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Old 18-07-2008, 13:03   #1
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Rust Stains on Fiberglass - Mildew on Cushions

This problem doesn't necessarily pertain to just women- really to whichever crew member is responsible for cleaning.

We have numerous rust stains, both on deck and on the cabin sole. Does anyone have experience getting rust off finished fiberglass? I tried Barkeeper's Friend, but it does not seem very effective.

We also had a "rain event" inside our cabin, due to certain crew members leaving for work with EVERY port open. The cushions were put out to dry, but still smell like a musty barn. Any suggestions? I tried antimicrobial Fabreeze, but I think "antimicrobial" really means "anitbacterial". Apparently fungal spores don't count as microbes...
Simlalrly, has anyone found products to prevent fungal growth on fabric?

Thanks!
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Old 18-07-2008, 13:16   #2
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As to rust stains, you need powerful stuff:

Oxalic Acid, or a product found at West Marine, containing Hydrochloric Acid: "On & Off
Hull and Bottom Cleaner"

Both types of products turn a scrubbing job into a "painting job" as you just apply the On & Off to the stain with a rag or brush, wait a few minutes, then rinse the stain off. A little bit of scrubbing could be required, but I find that these types of products help a whole lot.

Use gloves and eye protection and be careful. This is real acid.
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Old 18-07-2008, 13:33   #3
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hmmm... may work for the deck but seems a little intense for our cabin interior. I may have to just apply some elbow grease in there? Or live with the stains?
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Old 18-07-2008, 13:50   #4
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hmmm... may work for the deck but seems a little intense for our cabin interior. I may have to just apply some elbow grease in there? Or live with the stains?
Right. Could be a *tad* rough on a teak and holly cabin sole..

But... if your cabin sole is fiberglass where the stain is, pour it right on (and use a mask)
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Old 18-07-2008, 13:59   #5
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What we use .......

Some (but not all) Home Depots sell a product called RustAid in gallon jugs. Cost is about $10.00 or $12.00 a gallon. put some in a spray bottle then spary it on the hull or stainless or cockpit cushions or whatever else has misdew or rust .... let it sit five minute or so then hose it, and the rust, away. Also great for doing away with those tanic stains on the hull. Really bad rust on stainless might require some brushing with a scrub brush. We always rinse it off, really well, after a few minutes and it has never damaged paint, uphostery, etc.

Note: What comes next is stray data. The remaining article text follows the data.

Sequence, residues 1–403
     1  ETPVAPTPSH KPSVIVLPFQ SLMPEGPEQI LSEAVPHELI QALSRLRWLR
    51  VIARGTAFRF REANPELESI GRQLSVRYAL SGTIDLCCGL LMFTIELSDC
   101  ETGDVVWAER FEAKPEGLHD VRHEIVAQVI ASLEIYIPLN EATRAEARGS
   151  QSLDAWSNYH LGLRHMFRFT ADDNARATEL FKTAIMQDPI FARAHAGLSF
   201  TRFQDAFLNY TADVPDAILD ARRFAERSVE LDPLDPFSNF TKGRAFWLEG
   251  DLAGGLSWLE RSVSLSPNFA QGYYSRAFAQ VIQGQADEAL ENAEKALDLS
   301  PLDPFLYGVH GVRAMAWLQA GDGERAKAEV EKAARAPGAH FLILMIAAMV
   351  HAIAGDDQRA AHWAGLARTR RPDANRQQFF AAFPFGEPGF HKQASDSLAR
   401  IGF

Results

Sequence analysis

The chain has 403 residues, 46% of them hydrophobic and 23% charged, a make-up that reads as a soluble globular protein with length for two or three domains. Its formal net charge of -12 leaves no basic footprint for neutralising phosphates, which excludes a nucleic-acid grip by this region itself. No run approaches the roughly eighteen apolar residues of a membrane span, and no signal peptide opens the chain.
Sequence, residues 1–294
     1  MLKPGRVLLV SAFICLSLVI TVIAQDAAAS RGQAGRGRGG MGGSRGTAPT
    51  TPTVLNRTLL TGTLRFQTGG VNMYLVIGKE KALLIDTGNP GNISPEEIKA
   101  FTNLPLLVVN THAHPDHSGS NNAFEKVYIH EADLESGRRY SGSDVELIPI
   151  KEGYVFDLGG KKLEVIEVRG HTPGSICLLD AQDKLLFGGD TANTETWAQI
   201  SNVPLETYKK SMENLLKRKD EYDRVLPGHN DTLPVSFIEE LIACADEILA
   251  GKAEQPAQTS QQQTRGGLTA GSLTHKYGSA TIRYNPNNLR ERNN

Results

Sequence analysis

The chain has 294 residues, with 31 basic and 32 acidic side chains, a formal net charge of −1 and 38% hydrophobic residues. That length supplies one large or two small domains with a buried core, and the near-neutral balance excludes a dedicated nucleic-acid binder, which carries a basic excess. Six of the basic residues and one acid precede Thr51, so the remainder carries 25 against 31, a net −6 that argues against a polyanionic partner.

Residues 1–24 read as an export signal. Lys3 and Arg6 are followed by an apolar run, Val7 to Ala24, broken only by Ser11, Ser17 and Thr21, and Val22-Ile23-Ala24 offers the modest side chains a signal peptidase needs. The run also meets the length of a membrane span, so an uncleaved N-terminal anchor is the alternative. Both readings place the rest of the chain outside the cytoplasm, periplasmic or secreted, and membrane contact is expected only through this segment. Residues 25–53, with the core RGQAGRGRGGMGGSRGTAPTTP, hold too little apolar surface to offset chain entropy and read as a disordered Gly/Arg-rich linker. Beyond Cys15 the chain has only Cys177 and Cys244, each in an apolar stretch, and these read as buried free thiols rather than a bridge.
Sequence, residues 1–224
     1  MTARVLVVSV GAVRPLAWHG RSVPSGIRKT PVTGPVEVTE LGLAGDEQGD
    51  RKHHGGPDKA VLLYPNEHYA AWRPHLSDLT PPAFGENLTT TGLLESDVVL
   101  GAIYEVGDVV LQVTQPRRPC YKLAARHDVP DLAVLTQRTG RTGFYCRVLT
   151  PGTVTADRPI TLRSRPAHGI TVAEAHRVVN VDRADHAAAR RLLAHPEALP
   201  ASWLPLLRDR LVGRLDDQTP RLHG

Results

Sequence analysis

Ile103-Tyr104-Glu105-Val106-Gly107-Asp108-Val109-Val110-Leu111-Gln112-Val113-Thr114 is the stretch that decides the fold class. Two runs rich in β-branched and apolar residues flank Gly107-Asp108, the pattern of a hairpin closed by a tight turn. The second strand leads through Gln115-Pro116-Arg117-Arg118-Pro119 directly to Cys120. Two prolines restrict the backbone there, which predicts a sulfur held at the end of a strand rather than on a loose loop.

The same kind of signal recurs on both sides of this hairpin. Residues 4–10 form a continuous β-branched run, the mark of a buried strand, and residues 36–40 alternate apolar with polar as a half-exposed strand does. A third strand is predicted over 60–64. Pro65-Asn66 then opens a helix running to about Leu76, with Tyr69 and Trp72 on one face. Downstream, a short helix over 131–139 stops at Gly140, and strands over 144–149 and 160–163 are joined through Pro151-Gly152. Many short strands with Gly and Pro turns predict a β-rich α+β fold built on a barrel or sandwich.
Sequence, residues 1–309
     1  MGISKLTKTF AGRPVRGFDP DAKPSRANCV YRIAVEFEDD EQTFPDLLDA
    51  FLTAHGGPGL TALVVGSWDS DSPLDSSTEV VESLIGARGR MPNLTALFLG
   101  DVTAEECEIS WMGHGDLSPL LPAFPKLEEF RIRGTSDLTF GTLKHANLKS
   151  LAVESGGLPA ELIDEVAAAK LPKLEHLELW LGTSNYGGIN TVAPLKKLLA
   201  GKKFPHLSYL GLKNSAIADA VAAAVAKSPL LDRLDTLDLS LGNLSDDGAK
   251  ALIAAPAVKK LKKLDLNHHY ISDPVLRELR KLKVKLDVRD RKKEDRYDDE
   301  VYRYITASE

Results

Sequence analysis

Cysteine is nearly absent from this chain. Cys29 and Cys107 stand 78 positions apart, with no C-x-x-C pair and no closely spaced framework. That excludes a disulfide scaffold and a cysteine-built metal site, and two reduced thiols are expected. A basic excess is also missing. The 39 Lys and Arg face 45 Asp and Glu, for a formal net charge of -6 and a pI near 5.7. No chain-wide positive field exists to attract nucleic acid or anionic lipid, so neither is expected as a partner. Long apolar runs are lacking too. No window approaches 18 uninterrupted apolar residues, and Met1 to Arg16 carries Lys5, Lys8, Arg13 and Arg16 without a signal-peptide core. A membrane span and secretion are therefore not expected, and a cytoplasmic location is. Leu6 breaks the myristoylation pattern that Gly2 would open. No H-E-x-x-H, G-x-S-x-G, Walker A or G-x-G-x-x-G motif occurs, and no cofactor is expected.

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Old 18-07-2008, 16:19   #6
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Try toilet bowl cleaner. It is amazing stuff or tough stains.
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Old 18-07-2008, 17:04   #7
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On the deck you can compound it and perhaps try some softscrub with bleach. I cut a shackle and got a constellation of rust spots near the anchor. Softscrub removed them. There's also a product called Ospho,

Mildew I dunno. We have a few pillow covers which have that icky smelll. I am going to try dry cleaning. and if that doesn't work. Toss them out.
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Old 18-07-2008, 17:33   #8
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For the fiberglass on deck, I use FSR (Fiberglass Stain Remover) by Davis. Just don't leave it on too long, because it really bleaches.
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Old 20-07-2008, 22:18   #9
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After living in the boatyard for a month, noticed crews used soft scrub with bleach and the FSR that HUD3 mentioned. They use them TOGETHER...squirt the deck with the SS, scrub, sprinkel the foamy area with the FSR, use it...let it soak a BIT (trial and error to reduce bleaching) --- works incredibly well. Spot treat tough rust with the stuff and scrub.